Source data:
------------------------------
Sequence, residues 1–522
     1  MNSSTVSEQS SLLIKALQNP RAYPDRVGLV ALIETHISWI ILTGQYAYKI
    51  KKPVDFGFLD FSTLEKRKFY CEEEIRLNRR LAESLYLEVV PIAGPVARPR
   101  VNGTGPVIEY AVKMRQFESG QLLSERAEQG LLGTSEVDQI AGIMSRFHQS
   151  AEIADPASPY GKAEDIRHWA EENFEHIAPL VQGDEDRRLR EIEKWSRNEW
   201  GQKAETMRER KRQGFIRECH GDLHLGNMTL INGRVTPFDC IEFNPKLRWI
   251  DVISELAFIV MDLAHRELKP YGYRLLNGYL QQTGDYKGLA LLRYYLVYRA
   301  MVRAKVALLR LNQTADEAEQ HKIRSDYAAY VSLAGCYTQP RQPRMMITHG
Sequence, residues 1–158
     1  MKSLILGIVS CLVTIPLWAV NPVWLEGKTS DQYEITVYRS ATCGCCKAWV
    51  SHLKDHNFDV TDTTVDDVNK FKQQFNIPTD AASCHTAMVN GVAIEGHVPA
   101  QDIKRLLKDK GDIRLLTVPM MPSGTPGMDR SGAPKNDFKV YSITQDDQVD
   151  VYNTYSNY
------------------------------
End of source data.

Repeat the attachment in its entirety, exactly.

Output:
Sequence, residues 1–522
     1  MNSSTVSEQS SLLIKALQNP RAYPDRVGLV ALIETHISWI ILTGQYAYKI
    51  KKPVDFGFLD FSTLEKRKFY CEEEIRLNRR LAESLYLEVV PIAGPVARPR
   101  VNGTGPVIEY AVKMRQFESG QLLSERAEQG LLGTSEVDQI AGIMSRFHQS
   151  AEIADPASPY GKAEDIRHWA EENFEHIAPL VQGDEDRRLR EIEKWSRNEW
   201  GQKAETMRER KRQGFIRECH GDLHLGNMTL INGRVTPFDC IEFNPKLRWI
   251  DVISELAFIV MDLAHRELKP YGYRLLNGYL QQTGDYKGLA LLRYYLVYRA
   301  MVRAKVALLR LNQTADEAEQ HKIRSDYAAY VSLAGCYTQP RQPRMMITHG
Sequence, residues 1–158
     1  MKSLILGIVS CLVTIPLWAV NPVWLEGKTS DQYEITVYRS ATCGCCKAWV
    51  SHLKDHNFDV TDTTVDDVNK FKQQFNIPTD AASCHTAMVN GVAIEGHVPA
   101  QDIKRLLKDK GDIRLLTVPM MPSGTPGMDR SGAPKNDFKV YSITQDDQVD
   151  VYNTYSNY